Trudeau promotes school nutrition program on visit to Winnipeg school

It’s a common worry for many low-income families, forced to send their kids to school without being able to provide food, but now the Federal government is looking to change that with their new school nutrition plan. Mitchell Ringos reports

It’s a common worry for many low-income families: being forced to send their kids to school without being able to provide food.

The federal government is looking to change that with a new school nutrition plan that promises to provide meals to 400,000 kids across the country. The cost is estimated at $1 billion over five years.

Prime Minister Justin Trudeau stopped by Winnipeg’s Elwick Community School Friday to promote the program.

“The cost of living, including groceries, have risen significantly because of after-impacts of the pandemic and because of global inflation, so we’re working harder every day to make life more affordable for Canadians,” Trudeau said.

“We all know that children can’t learn on an empty stomach,” added Jenna Sudds, the federal minister of families, children and social development.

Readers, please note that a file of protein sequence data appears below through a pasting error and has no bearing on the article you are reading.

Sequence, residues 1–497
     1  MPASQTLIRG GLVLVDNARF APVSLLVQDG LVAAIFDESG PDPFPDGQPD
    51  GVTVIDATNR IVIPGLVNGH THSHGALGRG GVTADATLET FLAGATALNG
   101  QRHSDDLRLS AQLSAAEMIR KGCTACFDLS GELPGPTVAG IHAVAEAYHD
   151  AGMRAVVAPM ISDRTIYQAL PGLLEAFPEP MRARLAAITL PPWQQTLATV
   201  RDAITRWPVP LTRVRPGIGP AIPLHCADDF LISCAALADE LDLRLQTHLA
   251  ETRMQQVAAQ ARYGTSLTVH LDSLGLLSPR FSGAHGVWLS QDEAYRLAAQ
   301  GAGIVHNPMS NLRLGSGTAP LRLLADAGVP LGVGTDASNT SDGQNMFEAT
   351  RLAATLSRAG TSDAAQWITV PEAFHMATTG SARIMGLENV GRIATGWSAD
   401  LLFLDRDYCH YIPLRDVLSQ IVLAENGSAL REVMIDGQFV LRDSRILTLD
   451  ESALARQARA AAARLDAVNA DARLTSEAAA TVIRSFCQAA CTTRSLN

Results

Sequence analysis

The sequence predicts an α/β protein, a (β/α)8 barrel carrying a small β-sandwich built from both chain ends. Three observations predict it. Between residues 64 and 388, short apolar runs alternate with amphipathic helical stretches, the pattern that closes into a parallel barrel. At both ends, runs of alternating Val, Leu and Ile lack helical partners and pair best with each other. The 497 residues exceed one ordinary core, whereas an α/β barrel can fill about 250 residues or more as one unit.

RELATED: Canadians getting sick trying to cut food costs: study

Trudeau says he will be working with provinces and territories on the plan, and he pointed to the Manitoba government’s recent budget measure of $30 million for a school food program.

Prime Minister Justin Trudeau at Elwick Community School in Winnipeg, on May 17, 2024. (Mitchell Ringos, CityNews)

The Child Nutrition Council of Manitoba says that funding will go a long way.

“By increasing the access to nutritious food at school, we are positively impacting education outcomes and decreasing the risk of chronic disease,” program grants manager Clara Birnie said.

Birnie adds while it helps ensure students don’t go hungry at school, it will see the biggest impact for newcomer and refugee students, who often leave proper nutrition at the bottom of the list.

“Offering food when their families are struggling to establish homes, jobs, childcare, etc., was not only a physical benefit, but an emotionally nourishing experience of welcome and belonging,” Birnie said.

WATCH: Manitoba takes first steps in universal school nutrition program

The federal Opposition Conservatives have said the Liberal government’s program would be far from universal and only covers a fraction of the roughly five million children in public schools.

The prime minister also highlighted another investment that will see more supports for after-school learning.

“We will invest over $67 million to support mentorship and academic assistant that will help students succeed, including Indigenous and at-risk youth,” he said.

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